When I came out after about 15 or 20 minutes, I noticed that the plume of smoke seemed even thicker and blacker than when I went in. I remember thinking to myself that maybe this was something to see. I got into my car and tuned the radio to WJBC, knowing that if it was newsworthy, they would mention it. Shortly after tuning in, the announcer stated that there was a large factory burning, and that the police were requesting that people stay away as the roads were getting congested, and the fire was becoming more intense. This was an indication to me that this was not just an ordinary fire, this was a BIG fire. I made the decision to get home as quick as I could, drop off the groceries, and collect my camera. I didn't want to miss out if this fire was as big as my mind was imagining it could be.
As it turned out, it was even BIGGER. Below is a sampling of the photos I took that day, clicking on an image will give you a larger version.
After fighting traffic for about half an hour, I finally found a place to park about a mile or so from the fire, and I started to walk. I was stunned by the size of the fire in the distance, and just kind of walked in a trance towards it. Then suddenly I heard "Hey Dave" and found myself in the company of some friends who also appreciated a BIG fire. I asked John, Grant and JT to pose with the fire, then bid them farewell, and pressed on for a closer view.
I had never seen a fire this BIG in all my life, and found it difficult to look away. I also found that I was not alone in this regard. I noticed as I got closer to the fire that there were perhaps 100 people or more standing and staring in silence.
As I walked amongst the crowd, it was obvious which ones had been standing there the longest, since the heat made many of them look sunburned.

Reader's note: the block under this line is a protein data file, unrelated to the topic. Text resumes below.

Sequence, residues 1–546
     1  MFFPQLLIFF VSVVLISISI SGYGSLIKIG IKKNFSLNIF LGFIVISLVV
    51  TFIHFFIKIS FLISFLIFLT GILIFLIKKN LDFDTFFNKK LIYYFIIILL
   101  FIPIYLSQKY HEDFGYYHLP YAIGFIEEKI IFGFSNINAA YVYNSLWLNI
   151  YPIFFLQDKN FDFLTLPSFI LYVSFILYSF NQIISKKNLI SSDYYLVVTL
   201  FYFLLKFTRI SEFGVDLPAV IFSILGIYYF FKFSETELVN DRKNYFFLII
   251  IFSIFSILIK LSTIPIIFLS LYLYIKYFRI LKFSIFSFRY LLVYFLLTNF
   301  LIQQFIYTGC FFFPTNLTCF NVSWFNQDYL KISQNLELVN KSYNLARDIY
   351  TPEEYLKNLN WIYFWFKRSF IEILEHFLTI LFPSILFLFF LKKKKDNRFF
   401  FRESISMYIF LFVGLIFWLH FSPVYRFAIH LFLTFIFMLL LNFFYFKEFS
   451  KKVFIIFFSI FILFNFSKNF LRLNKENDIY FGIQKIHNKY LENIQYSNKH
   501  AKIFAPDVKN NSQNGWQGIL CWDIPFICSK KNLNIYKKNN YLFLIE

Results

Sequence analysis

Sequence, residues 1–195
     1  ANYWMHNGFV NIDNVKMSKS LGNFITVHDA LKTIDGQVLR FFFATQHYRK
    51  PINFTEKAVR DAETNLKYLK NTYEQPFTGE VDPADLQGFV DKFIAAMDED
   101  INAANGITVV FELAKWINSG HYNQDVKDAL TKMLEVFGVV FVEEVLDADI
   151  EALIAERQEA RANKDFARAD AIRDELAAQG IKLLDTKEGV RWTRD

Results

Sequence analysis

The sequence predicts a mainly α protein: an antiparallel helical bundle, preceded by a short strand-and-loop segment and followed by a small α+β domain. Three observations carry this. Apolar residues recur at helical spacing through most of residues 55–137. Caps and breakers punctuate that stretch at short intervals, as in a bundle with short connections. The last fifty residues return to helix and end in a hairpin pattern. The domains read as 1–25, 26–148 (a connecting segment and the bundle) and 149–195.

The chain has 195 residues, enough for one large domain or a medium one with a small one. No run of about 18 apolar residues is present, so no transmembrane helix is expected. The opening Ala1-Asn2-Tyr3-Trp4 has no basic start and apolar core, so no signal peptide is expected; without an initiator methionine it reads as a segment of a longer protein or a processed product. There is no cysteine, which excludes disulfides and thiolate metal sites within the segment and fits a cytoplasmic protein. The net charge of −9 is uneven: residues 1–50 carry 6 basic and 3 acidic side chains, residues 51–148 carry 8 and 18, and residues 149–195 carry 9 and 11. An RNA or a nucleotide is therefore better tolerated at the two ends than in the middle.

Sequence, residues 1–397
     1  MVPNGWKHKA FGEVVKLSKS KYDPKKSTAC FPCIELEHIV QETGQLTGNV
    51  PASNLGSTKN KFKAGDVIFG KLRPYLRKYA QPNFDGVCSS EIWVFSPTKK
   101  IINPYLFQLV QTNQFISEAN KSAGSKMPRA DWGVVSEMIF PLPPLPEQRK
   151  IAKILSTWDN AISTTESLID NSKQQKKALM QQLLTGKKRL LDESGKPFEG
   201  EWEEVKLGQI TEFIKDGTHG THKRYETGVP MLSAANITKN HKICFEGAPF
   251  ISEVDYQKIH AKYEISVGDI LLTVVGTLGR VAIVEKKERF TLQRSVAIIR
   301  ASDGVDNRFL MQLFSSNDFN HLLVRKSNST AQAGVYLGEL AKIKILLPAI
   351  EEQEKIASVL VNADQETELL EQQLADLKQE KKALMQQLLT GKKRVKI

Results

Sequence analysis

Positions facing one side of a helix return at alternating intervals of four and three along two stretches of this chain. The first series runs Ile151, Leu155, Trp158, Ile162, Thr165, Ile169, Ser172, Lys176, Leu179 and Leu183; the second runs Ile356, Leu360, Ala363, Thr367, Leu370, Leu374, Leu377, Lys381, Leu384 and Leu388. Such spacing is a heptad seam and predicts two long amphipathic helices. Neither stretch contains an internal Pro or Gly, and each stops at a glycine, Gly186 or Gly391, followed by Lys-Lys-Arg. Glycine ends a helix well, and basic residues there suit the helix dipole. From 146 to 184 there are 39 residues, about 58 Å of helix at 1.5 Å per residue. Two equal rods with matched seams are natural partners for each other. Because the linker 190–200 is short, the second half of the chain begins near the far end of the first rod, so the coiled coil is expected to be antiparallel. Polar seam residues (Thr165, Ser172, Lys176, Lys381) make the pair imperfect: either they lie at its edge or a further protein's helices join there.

Things really got crazy when the walls decided to fall. Suddenly the roar of the fire got louder and louder, people started to scream and to run. I too was taken back somewhat by the panic of those around me and began to retreat, but then the photographer in me told me to raise the camera and start shooting. I managed to capture a large burst of flame as it shot out from the collapsing walls, as well as a scared kid running for his life.
As the smoke from the collapse cleared away, I was able to peer into the belly of this angry beast.
I walked away with a heavy heart, I think that fire and I had made a real connection.
I miss that fire.
If you haven't seen enough of this fire and wish to see more, there is a photo montage here of this fire set to music that includes some of my pictures, as well as pictures from other photographers present that day.
I later Learned that this building had previously housed the Beich Candy Factory, and that the fire was fueled in a large part by the sugar solution soaked into the all wood floors throughout the building. The Factory was in operation from around 1900 until 1973 when production moved to a new facility. This fire was started by a 16 year old girl who was later arrested and charged.